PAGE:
front porch
RED, WHITE AND BLUE: One of my favorite garden pots resides on the edge of the front porch. I fill it each spring with red, white and blue flowers and add an American flag. It's always the first pot I tackle in the spring because it's the easiest. Now to get to work on the big bed, which involves the removal of excess vinca before new annuals can be added.

With spring comes the irresistible urge to plant something

It's the season to plant what you want to grow and to fight the emergence of what you don't want.

Ah, spring! It's time to dig in the dirt and plant something. Time to return the sun-loving house plants to the outdoors they prefer.

There is something about the first 50-degree nights and emerging tree leaves that triggers an inner need to put seeds into the ground and nurse seedlings to lush growth. It's always a reminder that nature renews itself with the turning of the season. I pity my friends in regions without seasons because they don't get to experience the annual going to sleep and waking up of nature.

This year is especially challenging, thanks to a foundation repair and drainage project that has been ongoing for the last two years and has resulted in the tearing out of the raised flowerbeds that lined one side of the house.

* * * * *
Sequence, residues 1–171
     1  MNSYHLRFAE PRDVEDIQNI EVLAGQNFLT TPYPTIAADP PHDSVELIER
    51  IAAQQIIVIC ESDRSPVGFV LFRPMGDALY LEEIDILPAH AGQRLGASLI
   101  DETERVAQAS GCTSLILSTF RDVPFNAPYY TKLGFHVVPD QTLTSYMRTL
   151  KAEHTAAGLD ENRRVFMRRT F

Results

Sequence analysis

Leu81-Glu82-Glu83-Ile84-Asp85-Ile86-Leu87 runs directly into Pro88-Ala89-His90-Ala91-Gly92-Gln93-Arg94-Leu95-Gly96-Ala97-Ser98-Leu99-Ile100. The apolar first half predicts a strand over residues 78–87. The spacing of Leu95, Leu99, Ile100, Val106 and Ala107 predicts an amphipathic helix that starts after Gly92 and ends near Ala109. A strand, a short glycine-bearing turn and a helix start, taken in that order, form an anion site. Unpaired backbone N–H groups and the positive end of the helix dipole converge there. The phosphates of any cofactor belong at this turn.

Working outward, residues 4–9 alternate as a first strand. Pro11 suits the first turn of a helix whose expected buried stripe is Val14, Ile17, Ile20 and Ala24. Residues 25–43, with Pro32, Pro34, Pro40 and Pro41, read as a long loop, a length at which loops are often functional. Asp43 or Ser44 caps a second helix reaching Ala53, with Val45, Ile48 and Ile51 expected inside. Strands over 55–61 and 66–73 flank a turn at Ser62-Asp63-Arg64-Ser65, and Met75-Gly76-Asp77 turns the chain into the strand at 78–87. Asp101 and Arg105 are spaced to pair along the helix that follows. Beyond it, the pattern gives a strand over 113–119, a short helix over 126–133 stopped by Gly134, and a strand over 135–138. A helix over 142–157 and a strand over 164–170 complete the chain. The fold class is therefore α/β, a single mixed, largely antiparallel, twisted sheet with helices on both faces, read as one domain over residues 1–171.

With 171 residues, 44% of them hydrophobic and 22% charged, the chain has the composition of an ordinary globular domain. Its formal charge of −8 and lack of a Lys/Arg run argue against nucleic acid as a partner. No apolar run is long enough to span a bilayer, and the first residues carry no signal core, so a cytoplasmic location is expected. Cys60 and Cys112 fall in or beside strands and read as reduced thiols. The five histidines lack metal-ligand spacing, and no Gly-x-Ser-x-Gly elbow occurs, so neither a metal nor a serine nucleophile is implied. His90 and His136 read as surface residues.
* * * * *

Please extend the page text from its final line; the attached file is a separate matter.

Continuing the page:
Our neighborhood has very heavy clay soil — hence foundation problems for homeowners — and I've spent years adding cottonseed hulls and compost to help my flowers and vegetables grow.

It occurs to me off and on how much easier my life would be if I could just bring myself to buy my fresh produce at the farmers markets. Wichita has two really great markets with multiple farmers offering really great produce. I do shop there for things that are really hard to grow in my limited space — sweet corn, for example.

Still, there's nothing like biting into that first red, ripe tomato of the season, right off the vine in my own backyard, or going out to pick green beans and cook them for dinner.

At the same time, it's time to get rid of the unwanted plants that spring up over and over no matter how many times I try to eliminate them. Thanks to the abnormally warm winter and plentiful spring rain, the mulberry saplings that struggle to overtake the wisteria have a head start. The dandelions that pop up all over the lawn, thanks in part to a neighbor's bountiful supply of seed, are at full strength, and the Canada thistle that came from somewhere three years ago seems to spring to life with warm weather no matter how many times I killed it the year before.

I usually cut out the mulberry saplings a couple of times a year. I've been too concerned about killing the wisteria with which they are entwined to try using any kind of stump killer on them. If anyone knows of a good way to get rid of them permanently, feel free to shoot me an email.

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